The RealClearPolitics average illustrating President Obama’s 60%+ approval rating after his first 100 days in office should give conservatives pause for concern when contemplating their political prospects for the future.
However, Jim Tedisco’s recent narrow defeat to Scott Murphy in New York’s 20th congressional district — a district that provided Democrat Kristen Gillibrand with almost 62% of the votes cast in 2008 — provides a glimmer of hope for conservative prospects in 2010. Right?
Not so fast.
I am a 27-year-old staunch conservative, and it pains me to write that conservatives will continue to have problems winning politically in the foreseeable future. The reason lies not with conservatism’s adherence to age-old principles of personal responsibility, traditional morality, and free-market capitalism. Rather, the conservative plight resides in two areas of the current political environment.
The first is President Obama’s eloquent technique of attacking a conservative straw man and his use of non sequiturs: arguing the imperative for health care reform to help counter the current economic recession, for example. Disregarding Obama’s free pass from the press, these logically flawed arguments are nonetheless effective and resonate with the public — a substantial reason for conservatives to worry about the future of their cause. However, I will not expound further on Obama’s Houdini-like homilies proselytizing on the pillars of the church of liberalism. Rather, I will focus on the inherently feeble conservative response.
Conservatism’s real quandary lies in the fact that it cannot be effectively communicated in a Moveon-esque, 20-second sound clip — a medium that my Pavlovian generation flocks to without a critical thought. Liberalism is an ideology of emotion and false hope: a deadly combination. Conservatism takes some thought and deductive reasoning: a deadly knell.
For example, it’s easy to campaign on a liberal promise to provide universal health care for all. And it is next to impossible to communicate an equally effective argument against this proposal. Without losing the audience, how does one prove the (seemingly self-evident) truth that universal health care for 300 million individuals is impossible to economically sustain without massive tax increases on the middle class and medical care rationing? And if a conservative is gifted enough to keep the audience interested to this point, it is also equally important (and difficult) to provide the listener with a compelling alternative.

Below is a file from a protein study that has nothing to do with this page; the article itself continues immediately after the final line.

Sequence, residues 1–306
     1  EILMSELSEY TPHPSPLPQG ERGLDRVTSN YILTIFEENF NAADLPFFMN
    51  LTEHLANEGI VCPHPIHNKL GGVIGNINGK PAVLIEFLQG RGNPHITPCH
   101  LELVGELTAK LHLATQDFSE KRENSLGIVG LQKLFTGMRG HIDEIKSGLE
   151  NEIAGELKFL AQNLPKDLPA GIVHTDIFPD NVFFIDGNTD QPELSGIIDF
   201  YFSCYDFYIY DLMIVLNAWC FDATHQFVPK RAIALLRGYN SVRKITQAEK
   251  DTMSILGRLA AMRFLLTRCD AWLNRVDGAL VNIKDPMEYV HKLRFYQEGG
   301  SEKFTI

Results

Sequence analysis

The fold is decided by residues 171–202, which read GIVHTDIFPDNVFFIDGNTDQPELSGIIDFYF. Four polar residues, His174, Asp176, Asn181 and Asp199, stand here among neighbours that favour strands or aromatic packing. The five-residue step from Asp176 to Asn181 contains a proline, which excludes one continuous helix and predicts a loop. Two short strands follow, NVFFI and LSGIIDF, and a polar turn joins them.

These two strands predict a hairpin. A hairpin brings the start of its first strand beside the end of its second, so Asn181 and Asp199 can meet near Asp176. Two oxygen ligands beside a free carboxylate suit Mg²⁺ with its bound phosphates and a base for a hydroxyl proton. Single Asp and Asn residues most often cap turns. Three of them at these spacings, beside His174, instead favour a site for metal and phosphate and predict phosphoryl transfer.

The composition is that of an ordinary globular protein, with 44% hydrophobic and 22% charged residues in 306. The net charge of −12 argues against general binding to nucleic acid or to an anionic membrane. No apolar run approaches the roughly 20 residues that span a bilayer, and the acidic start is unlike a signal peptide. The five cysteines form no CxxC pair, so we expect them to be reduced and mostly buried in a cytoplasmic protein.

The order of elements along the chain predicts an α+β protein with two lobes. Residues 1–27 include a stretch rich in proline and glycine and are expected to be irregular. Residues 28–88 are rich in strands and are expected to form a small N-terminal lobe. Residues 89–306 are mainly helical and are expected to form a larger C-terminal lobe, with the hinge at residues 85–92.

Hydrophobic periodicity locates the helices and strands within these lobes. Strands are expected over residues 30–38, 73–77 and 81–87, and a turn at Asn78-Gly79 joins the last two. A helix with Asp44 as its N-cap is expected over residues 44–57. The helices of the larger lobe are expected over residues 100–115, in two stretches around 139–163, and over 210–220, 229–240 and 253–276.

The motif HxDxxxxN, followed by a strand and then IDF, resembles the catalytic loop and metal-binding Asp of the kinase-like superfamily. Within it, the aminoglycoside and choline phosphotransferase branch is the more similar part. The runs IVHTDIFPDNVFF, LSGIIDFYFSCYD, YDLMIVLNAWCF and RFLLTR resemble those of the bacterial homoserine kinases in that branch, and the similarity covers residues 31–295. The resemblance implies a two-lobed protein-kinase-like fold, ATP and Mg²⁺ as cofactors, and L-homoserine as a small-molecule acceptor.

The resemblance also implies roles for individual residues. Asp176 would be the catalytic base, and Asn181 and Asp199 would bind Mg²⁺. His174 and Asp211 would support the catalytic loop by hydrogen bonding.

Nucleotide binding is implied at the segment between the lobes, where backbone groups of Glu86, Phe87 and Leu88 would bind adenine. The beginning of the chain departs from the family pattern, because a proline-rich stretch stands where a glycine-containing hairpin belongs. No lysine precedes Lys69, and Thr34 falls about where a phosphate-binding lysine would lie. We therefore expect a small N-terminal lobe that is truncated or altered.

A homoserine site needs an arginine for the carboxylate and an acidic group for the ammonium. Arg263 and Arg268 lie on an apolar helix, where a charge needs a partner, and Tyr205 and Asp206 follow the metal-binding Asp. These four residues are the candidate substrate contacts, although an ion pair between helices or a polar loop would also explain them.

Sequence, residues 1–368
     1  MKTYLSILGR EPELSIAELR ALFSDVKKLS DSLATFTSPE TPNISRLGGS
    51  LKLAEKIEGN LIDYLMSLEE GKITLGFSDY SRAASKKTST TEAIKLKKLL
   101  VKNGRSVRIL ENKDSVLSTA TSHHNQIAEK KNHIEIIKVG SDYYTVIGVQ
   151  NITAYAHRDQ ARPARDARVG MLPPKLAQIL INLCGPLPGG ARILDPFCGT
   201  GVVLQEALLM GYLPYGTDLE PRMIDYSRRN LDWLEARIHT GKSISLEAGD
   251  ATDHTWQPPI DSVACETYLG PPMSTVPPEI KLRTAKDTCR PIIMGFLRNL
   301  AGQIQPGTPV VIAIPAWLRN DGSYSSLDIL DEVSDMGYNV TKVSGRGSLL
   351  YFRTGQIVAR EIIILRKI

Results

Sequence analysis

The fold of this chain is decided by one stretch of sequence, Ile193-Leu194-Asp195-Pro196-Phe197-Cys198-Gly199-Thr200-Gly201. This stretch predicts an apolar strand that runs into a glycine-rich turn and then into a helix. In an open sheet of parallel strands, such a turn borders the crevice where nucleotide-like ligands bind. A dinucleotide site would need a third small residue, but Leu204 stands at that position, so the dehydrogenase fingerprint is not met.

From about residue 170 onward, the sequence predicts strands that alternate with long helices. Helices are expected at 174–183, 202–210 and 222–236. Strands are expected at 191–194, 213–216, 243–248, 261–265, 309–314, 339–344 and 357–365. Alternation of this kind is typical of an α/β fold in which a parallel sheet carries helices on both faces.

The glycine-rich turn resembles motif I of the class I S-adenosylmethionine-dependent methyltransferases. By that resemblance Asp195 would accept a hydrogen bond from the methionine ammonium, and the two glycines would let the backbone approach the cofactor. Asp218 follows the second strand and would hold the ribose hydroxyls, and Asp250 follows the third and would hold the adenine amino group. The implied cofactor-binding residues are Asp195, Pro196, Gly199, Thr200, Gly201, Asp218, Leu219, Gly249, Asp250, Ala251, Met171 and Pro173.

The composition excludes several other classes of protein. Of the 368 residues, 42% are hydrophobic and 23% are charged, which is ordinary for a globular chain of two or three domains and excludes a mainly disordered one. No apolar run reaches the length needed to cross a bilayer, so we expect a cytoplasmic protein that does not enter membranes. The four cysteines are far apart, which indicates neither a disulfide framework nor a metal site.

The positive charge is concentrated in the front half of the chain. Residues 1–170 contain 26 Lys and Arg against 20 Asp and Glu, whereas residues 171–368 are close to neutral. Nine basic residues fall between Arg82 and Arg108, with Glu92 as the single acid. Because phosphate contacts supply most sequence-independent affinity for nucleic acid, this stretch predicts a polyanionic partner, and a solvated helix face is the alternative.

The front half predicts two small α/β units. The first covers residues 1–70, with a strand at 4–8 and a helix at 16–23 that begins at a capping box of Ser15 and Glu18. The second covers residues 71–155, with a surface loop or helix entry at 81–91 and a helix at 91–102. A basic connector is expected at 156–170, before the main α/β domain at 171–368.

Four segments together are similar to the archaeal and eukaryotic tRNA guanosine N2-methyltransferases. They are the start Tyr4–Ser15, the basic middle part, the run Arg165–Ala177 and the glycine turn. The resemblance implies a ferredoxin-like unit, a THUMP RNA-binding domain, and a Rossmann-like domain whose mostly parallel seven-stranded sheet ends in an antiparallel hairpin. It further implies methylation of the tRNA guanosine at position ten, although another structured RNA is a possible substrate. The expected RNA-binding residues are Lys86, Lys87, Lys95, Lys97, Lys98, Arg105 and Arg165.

The present conservative attempt at providing a case for free market solutions based on an individual necessity with limited governmental intervention is leading a majority of Americans to vote for the guy or gal that states the easy euphemism “everybody is entitled to be healthy” while preparing to vote for punitive tax measures on the same constituency.
Similarly, even after the liberal monolith of Social Security has proved to be an empirical and economic disaster, liberals still win the argument.
The argument that states, without any proof, that the other wants to take away grandma’s hard-earned benefits for a problem that will come to fruition when her 27-year-old grandson retires is easy to argue and win. The argument that an economically unsustainable entitlement program subsidizing the Baby Boom generation — and which will inevitably contribute to the peril of the U.S.’s economic might — could be easily replaced with personal retirement accounts yielding vastly higher returns is more difficult for the proponent to argue and the listener to conceptualize.
One may argue that the above paradox for a conservative is fortified by the Occam’s razor maxim. For a voter, why struggle to abide by a more complicated philosophy when its simpler counterpart makes sense and is easy to comprehend? However, conservatism could be rectified and dominate in perpetuity if a budding conservative pol disregards this widely acknowledged analogy to American politics.
In reality, politics is a war. As a conservative, I reject the notion that conservatives and liberals are aiming for the same ideal. If conservatives redefine the political argument by proposing the optimum of prosperity and independence, which is the antithesis of a liberal doctrinaire desire for government-enforced equality via social engineering, then conservatism will have a fighter’s chance. By effectively redefining the goals of the American political process, a conservative will be simultaneously freed from the shackles of arguing against liberal “truths” and empowered to advance proven mechanisms for national prosperity and security.
Writing of Democracy in America in the mid nineteenth century, Alexis de Tocqueville wrote:
A member of [Congress’s] audience has to listen to great general truths which he often does not understand himself and makes a muddle of exposing, and very minute particulars which he has not much chance of verifying or explaining. Consequently the debates of [Congress] are frequently vague and perplexed.
This truism by de Tocqueville continues to this day and has become an abundantly advantageous weapon for the left to effectively pass their agenda with the perplexing “general truths” of false hope.